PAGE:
Across the fleet, the finish line to Opie season draws near. Final pots are splashed. The fate of the Seabrooke remains unknown. For a fortunate few, a two month battle is finally over. Bill from the Kodiak says it’s nice to end on a high. The Time Bandit finishes up too, 600K pounds in a month and the Time Bandit season is over. The crew cheers Captain Andy. While Johnathan praises his brother too. The course for home is plotted and back in Dutch Harbor, one captain plots his revenge. Sig says they got him good, and we see the prank the Time Bandit pulled on him with the Chinese Lanterns during king crab season.
Sig says how do you teach a child when he does something wrong? You give him a time out and it’s time for the Time Bandit to have one. The crew says they owe them, Sig says it’s payback time.
But on the Wizard, Keith is about fed up, it’s the trip from hell. He wants the season over and it’s the Mohawk string. The crew is hopeful. Freddie says pound it sucka. Keith says we’re not going in light and stranding any crab. Freddie throws the hook, and the pot comes up. It’s a keeper for sure! Keith screams in jubilation. They yell “Jackpot!!!”. Freddie DANCES across the deck, and says he’s bad ass. More great pots come up. Monte says it’s about time the pots come up full, they’re ready to go home. Freddie says they put hair in, the crew offered up hairy bait and the crab gods answered with full pots. Keith says the way to do it is finish up in style. The last pot is on the bow. This trip is over. Soper says the trip from hell. Crab and weather problems, but they won. And they sure did! Freddie again has blood on his face and he fist bumps Keith. The tanks are stuffed, and each crew member rakes in $81,000 in cash. Wow!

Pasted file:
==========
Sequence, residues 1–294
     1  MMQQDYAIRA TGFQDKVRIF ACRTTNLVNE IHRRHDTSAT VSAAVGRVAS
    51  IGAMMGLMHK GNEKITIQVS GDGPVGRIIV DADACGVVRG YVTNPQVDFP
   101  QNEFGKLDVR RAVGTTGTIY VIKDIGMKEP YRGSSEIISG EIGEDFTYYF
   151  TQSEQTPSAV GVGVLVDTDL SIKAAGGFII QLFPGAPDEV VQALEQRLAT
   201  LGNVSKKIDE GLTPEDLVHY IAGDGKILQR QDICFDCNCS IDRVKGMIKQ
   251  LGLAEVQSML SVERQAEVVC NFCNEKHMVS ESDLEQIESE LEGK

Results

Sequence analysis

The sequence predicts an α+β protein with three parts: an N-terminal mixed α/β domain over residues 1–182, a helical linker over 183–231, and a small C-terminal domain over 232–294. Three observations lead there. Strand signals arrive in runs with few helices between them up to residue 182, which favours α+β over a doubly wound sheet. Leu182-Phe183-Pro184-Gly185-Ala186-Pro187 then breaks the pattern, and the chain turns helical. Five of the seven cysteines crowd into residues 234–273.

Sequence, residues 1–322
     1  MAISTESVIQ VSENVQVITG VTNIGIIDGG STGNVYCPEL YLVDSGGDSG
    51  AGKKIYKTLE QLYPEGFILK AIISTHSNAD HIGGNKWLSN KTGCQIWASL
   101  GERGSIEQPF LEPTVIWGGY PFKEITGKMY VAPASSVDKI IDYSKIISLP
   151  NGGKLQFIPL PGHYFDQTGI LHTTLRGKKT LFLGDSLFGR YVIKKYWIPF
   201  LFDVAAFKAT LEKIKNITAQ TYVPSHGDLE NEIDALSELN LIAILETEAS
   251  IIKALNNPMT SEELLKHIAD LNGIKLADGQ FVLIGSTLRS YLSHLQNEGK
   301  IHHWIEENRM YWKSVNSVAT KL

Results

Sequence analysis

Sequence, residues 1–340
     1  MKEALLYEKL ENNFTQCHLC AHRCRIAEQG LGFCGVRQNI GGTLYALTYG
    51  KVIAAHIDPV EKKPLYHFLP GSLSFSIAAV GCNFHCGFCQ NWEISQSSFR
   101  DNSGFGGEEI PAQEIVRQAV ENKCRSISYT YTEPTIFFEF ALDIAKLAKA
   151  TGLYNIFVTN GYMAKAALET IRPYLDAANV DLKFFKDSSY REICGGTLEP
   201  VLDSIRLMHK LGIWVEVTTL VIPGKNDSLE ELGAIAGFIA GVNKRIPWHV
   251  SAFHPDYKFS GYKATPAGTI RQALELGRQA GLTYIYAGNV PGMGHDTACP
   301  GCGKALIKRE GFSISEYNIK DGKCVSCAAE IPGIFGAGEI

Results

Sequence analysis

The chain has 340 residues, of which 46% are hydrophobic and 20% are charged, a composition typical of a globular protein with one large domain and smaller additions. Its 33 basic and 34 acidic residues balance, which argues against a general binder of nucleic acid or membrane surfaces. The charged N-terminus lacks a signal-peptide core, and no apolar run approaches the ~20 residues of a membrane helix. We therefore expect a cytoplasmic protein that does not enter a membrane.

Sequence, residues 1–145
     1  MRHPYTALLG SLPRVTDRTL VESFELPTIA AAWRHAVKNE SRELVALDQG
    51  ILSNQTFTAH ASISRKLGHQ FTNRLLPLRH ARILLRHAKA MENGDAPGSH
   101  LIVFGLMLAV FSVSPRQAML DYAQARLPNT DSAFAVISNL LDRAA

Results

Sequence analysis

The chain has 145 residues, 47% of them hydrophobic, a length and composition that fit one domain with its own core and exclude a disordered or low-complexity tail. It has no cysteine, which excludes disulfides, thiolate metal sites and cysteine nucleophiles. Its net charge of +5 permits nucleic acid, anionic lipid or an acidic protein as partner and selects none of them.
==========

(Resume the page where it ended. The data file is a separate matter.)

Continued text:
Back on the Seabrooke, Bob was told he’d only have to drive a string, but Junior may be in dire need of medical attention. The crew doesn’t know what’s going on and now the boat’s entire season is on the line. Taking the skipper to Dutch will tack on an extra week of fishing. After a gut wrenching 14 hour fight, the kidney stone the size of a speck of sand comes oi. He’s passed the stone. Junior says it’s like pissing razor blades for the next 12 hours, but it’s back to work. He goes back up to the wheelhouse taking no time to recover. Junior heads for the top of his gear. He’s going to have one time through the gear, and get what he gets. With their final offload in just 36 hours, the Seabrookes’ fate comes down to one last string. The crew says happy thoughts and it worked b/c the pot is a beautiful one! That last pot had 385. The crew can taste the jet fuel which means they’re on their way home. Junior says this is just what they needed. The crew hauls into the night. One pot has 1120, the crab count SOARS! He couldn’t have dreamed for this fishing, for one crew member it’s the biggest pot they’ve ever seen. 1285, a new record. That’s the last pot, and they’re going home. After surviving pain that brought him to his knees, Junior rallies back. Stuffing the tanks, sending his men home with $40,000 each. Junior wants to be the best, with the highest catch, more than anyone. He wants to be a legend, it’s how he rolls and that won’t change. Scott, I can understand that, but please know it’s SO much more than the catch too.